The teacher shortage eased in Hawaii’s public schools this fall, propelled in part by a $10,000 annual pay boost for special-education teachers that went into effect in January.
The number of teacher vacancies in special education dropped to 69 as of Oct. 1 from 112 a year earlier, out of 2,180 positions, according to the Department of Education. The vacancies are filled by emergency hires who are not fully qualified.
Cynthia Covell, assistant superintendent for the Office of Talent Management, shared the numbers in response to a question about the impact of the pay differential at a briefing Tuesday held by the House Lower and Higher Education Committee on school reopening plans.
“I would like to say that it’s had the desired effect,” Covell said. “That is one of the lowest (vacancy) rates we’ve seen in quite a while. … It’s not good until it’s zero, but it’s definitely had an effect.”
The pay boost helped retain current special-education teachers, recruit new ones and lure back those who had shifted to general education, she said.
For the 2020-21 school year, 129 teachers moved into special education, a big jump from the 73 who did so last year, Covell said. In addition, 1,733 special-education teachers chose to stay in the field, up from 1,685 retained the previous year.
Teacher vacancies overall also dropped across the board this year. When general education and special ed vacancies are combined, the number fell to 330 on Oct. 1, down from 410 a year earlier.
Teachers in hard-to-staff areas and Hawaiian-language immersion also received pay differentials starting in January that ranged from $3,000 to $8,000 annually.
“We are very pleased to report that this year we are seeing the lowest amount of teacher vacancies ever as well as special ed vacancies,” said Superintendent Christina Kishimoto. “This is a huge credit to our teaching workforce. Our teachers have just shown, as they always have, tremendous commitment to teaching and learning and supporting our students.”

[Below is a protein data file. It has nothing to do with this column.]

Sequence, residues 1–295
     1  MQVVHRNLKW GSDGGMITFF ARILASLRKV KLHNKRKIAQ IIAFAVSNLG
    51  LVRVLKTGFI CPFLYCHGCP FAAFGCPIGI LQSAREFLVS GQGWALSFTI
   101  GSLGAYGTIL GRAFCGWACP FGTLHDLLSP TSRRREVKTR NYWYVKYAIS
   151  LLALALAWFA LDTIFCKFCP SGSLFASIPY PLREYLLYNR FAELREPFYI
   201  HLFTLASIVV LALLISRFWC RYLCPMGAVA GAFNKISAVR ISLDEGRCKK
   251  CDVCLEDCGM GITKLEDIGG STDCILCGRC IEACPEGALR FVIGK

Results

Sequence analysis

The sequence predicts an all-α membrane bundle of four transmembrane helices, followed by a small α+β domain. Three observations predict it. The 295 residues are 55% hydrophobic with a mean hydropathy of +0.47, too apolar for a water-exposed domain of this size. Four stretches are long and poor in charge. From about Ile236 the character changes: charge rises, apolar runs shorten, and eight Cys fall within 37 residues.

There are 12,922 teachers employed by the Department of Education as of this week. The average salary for licensed teachers last year was $68,000, according to the Hawaii State Teachers Association.
While most students are still in distance learning, public schools are gradually bringing more children back to campus, especially those having trouble with online classes. Priority is also going to early and transition grades such as kindergarten and grades 6, 9 and 12.
A dashboard at the Department of Education’s website illustrates the status of different islands given Department of Health guidelines for reopening of schools and their COVID-19 situation. It is available online at bit.ly/RTLdashboard.
The dashboard’s maps show that as of Nov. 10, Oahu, Hawaii island and Lanai were at the “orange” level, which means they can offer blended learning. Meanwhile, Kauai, Maui and Molokai were green, allowing in-person learning for all.
Decisions are being made at the school level, by principals and complex-area superintendents, based on case counts, ability to enforce health and safety protocols and facility and workforce capacity.
“The department is committed to successfully implementing blended models by early January when students return from winter break,” the DOE said in written responses to questions from the committee.
While in “blended learning” mode, which rotates in-person and online learning, schools operate at around 50% capacity under a Board of Education policy.
Kishimoto cited the Leilehua-Mililani-Waialua complex as an example of how different schools are handling the situation.
Daniel K. Inouye Elementary School on Schofield Barracks has its kindergarten- through-second grade back on campus every day, she said. Mililani Uka Elementary is using a blended rotation model for all students in kindergarten through grade 5, with half on campus at any one time.
Meanwhile, Kipapa Elementary, in response to feedback from parents, decided to start with just kindergarten and first graders on campus. Waialua High and Intermediate brought back its seventh and eighth graders to campus for in-person instruction every day because they were struggling the most with online classes.